When most people visit Washington D.C. they do not realize they are in the homelands of the Piscataway people. This is one symptom of a wider problem of persistent substantial bias against contemporary Native communities and a pervasive culture of invisibility. The perpetuation of stereotypical images of Native communities, erasure in popular culture, and misinformation in K-12 education generate substantial bias against contemporary Native communities and contribute to a culture of invisibility.
Seventy-eight percent of Americans report an interest in learning more about Native peoples, cultures, and issues. The Guide to Indigenous DC mobile application meets this need by deploying mapping technologies to shine a light on historical and contemporary Native American presence within Washington. Users of this free iOS application have access to a map of 17 sites of Indigenous importance, including photos, site descriptions, and external resources. Users can also generate geolocated walking/driving/metro directions to and from each site, or experience a virtual tour with 360-degree on-the-ground imaging. The virtual and accessibility features ensure that users can access this information from any location.
The publicly-facing Guide contributes to tribal historic preservation efforts in Washington, DC, and serves as a resource for educational institutions to use in conjunction with field trips and curricula.
Public users have downloaded the Guide to Indigenous DC more than 2,000 times and completed over 4,000 tours of sites of Indigenous importance in Washington, DC
The DC tourist market is valued at $7.8 billion, K-12 students and educators at $703 billion, and higher education students and educators at $65.4 billion. Meanwhile, the online/virtual education market is projected to grow to $350 Billion by 2025. The Guide to Indigenous DC is well-suited to the conditions of these markets through its combination of Native American subject matter, virtual accessibility, educational material, and a free-of-charge iOS mobile app.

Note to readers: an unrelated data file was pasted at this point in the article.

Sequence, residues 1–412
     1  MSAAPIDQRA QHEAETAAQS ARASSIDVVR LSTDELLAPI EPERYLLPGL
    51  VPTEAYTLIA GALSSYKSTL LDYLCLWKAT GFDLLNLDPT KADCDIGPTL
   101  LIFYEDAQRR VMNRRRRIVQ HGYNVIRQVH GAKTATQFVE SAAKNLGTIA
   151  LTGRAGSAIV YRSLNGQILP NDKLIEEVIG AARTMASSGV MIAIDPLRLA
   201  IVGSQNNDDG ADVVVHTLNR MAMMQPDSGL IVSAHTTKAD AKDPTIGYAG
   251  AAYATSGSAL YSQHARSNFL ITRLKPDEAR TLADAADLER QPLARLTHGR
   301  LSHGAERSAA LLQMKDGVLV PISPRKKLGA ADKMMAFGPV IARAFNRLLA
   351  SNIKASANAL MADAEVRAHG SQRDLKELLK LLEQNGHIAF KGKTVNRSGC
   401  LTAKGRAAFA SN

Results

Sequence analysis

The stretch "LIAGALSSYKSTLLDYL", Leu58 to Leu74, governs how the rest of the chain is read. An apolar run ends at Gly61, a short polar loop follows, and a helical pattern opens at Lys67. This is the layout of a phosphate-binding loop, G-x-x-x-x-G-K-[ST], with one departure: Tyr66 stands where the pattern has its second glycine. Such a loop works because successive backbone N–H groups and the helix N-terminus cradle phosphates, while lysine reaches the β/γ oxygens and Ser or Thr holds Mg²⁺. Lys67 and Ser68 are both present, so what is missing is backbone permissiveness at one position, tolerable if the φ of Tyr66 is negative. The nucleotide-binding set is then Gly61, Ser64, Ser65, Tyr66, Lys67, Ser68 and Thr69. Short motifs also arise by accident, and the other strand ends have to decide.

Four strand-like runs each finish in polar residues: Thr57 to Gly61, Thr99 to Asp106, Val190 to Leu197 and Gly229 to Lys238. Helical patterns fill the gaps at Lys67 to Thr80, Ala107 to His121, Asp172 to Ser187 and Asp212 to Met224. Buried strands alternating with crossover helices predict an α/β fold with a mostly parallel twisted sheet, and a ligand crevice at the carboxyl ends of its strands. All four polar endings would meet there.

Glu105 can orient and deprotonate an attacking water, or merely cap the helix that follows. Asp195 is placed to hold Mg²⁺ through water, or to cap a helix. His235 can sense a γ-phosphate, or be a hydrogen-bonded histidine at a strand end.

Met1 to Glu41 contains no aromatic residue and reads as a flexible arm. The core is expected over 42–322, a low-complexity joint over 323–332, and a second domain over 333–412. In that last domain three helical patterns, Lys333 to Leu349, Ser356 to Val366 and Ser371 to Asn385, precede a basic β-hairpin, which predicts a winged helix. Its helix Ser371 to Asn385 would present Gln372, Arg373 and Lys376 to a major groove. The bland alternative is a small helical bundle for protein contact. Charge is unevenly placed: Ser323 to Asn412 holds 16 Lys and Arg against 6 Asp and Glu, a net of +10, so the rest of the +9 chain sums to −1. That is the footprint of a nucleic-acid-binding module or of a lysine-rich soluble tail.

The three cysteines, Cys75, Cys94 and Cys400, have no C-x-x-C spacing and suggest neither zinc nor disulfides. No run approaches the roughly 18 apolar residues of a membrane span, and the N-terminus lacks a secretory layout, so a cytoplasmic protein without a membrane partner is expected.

Some of Indigenous DC’s notable achievements include:
Featured on Matter of Fact with Soledad O'Brien and the Getting Curious with Jonathan Van Ness podcast
Covered in The Washington Post, Reuters, El Tiempo Latino, Indian Country Today, and more
Spoke at the National Gallery of Art, National Congress of American Indians Tribal Leader-Scholar Forum, Ethics in Publishing Conference, DC History Conference, and more
Indigenous DC is looking to partner with tribal nations, communities, and organizations interested in developing a guide to their community.
Additionally, Indigenous DC is interested in partnering with experienced Indigenous coders capable of supporting app development.
Lastly, Indigenous DC would love to partner with seasoned experts in tribal business development who can help support the growth and success of the app's next phases of development.
Washington D.C., United States
Washington, D.C., Baltimore, National Universities and Colleges in the US
Elizabeth Rule Assistant Professor of Critical Race, Gender, and Culture Studies, American University